Most People Don't Even Ask If You Liked A Film or Not; They Just Say 'Kitne Stars Diye': Film Reviewer Anupama Chopra

Most People Don't Even Ask If You Liked A Film or Not; They Just Say 'Kitne Stars Diye': Film Reviewer Anupama Chopra

The noted film reviewer, journalist and founder of Film Companion on the changing face of journalism, reviewing and maintaining star relationships
Most People Don't Even Ask If You Liked A Film or Not; They Just Say 'Kitne Stars Diye': Film Reviewer Anupama Chopra
Anupama Chopra and Ranveer Singh in conversation

In a day and age when entertainment news means channels screaming banal headlines, reporters chasing star babies and breathless anchors debating wardrobe malfunctions, it’s rare to come across a platform that discusses the art, craft and magic of cinema. In India, that go-to entity is Film Companion (FC) a portal that celebrates movies – Bollywood, non-Bollywood, Hollywood, shorts and any other motion picture form - like none other. Its founder, journalist, reviewer and author Anupama Chopra, has seen the churn in journalism and cinema in a career spanning over two decades, and FC is an attempt to shine the spotlight on the other side of movie making – the real stories behind films and filmmakers and an honest analysis of the world they create.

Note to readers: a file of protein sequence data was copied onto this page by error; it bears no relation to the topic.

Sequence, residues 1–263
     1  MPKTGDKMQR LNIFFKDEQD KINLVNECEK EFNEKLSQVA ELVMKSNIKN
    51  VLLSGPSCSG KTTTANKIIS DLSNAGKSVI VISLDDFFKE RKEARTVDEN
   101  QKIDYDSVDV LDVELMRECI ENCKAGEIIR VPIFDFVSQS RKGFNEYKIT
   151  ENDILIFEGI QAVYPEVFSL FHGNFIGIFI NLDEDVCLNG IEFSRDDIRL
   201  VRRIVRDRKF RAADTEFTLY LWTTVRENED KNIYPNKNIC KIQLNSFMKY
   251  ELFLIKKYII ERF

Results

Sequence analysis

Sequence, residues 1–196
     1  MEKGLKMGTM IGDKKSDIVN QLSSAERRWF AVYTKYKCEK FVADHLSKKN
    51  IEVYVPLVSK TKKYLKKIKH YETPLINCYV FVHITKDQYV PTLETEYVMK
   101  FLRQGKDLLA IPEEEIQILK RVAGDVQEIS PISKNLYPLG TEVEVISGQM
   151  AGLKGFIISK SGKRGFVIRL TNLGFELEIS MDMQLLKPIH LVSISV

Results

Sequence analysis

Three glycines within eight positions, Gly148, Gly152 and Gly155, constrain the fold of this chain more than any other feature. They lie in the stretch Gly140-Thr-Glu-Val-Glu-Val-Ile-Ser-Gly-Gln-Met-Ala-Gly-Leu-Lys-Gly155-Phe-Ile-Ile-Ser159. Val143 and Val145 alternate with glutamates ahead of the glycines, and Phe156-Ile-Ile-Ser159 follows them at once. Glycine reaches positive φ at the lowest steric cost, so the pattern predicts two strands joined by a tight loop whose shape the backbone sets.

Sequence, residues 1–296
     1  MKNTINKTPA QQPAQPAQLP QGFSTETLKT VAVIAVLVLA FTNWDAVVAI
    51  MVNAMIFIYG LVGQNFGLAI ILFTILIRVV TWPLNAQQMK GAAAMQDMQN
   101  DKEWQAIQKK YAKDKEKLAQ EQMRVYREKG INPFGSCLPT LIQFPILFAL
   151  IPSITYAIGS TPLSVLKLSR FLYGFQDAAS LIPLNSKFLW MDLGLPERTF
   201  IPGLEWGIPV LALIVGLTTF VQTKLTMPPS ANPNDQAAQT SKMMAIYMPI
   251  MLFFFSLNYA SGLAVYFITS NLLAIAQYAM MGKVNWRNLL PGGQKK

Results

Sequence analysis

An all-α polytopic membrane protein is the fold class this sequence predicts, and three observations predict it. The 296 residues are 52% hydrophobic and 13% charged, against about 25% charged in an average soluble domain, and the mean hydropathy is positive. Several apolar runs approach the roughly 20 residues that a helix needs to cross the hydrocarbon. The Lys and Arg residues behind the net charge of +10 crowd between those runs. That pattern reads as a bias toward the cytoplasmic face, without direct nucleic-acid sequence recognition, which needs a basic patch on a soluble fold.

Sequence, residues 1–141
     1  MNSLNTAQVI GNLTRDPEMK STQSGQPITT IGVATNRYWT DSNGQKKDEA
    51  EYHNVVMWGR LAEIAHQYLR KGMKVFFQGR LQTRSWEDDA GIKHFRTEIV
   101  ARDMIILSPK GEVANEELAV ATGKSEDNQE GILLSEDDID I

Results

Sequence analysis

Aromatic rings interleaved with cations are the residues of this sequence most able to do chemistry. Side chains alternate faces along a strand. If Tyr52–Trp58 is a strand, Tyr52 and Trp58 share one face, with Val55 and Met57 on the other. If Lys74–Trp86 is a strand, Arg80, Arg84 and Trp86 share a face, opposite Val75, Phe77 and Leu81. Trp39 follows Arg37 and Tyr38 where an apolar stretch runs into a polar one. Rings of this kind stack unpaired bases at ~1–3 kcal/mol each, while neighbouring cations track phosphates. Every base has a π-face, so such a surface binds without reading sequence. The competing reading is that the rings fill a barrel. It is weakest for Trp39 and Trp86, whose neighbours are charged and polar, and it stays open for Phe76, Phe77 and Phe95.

Masala! and Film Companion have now collaborated to bring some exciting cinema-related news and views to our readers here; this is your window to the beauty of Bollywood! So what has changed in all these years? In a candid chat, Anupama tells it like it is – about film criticism, stars who sulk and a media that chases gossip… 

What led you to start Film Companion?
When my show with Star World wrapped up in 2014, my husband Vinod Chopra suggested we should try and do something digitally because film reviews should be available when people want them and not by appointment viewing. Then Vijay Nair of OML and two of my friends, Rasika Tyagi and Tarun were also very encouraging that we should try and do something digitally. Honestly, that was the thing - we were a production house, we could produce videos and that’s what led us to begin Film Companion. I wish I could say it was a more thought-out thing but really it wasn’t.

Journalists often lament the lack of serious writing on entertainment. Entertainment reporting has been reduced to gimmicks or gossip. What do you think is the reason?
That’s because it’s all now being reduced to a fight for eyeballs - the more gimmicky or juicy your headlines, the more people are going to click on it. I think everybody is sort of catering to the lowest common denominator and a lot of entertainment journalism (not all) now is either lifestyle or gossip, because that’s what gets the eyeballs. Like they say, ‘you get the politicians you deserve’ you frankly also get the culture entertainment coverage that you deserve.

How can channels such as FC bridge the gap between mainstream Bollywood and regional Indian cinema, given that you focus much on Non-Hindi films too?
That is our USP, our ambition, and we really want to be a pan Indian culture and entertainment platform. My hope and desire is to cover Punjabi cinema, Bengali cinema - we already have a wonderful film critic Baradwaj Rangan covering cinema in the South and I hope we can spread this across the country.

Anupama Chopra

As a journalist, what do you think has been the single most significant change in the star-media relationship over the years? Aren’t yesteryear stars way more candid and honest in their response compared to the PR-schooled stars of today?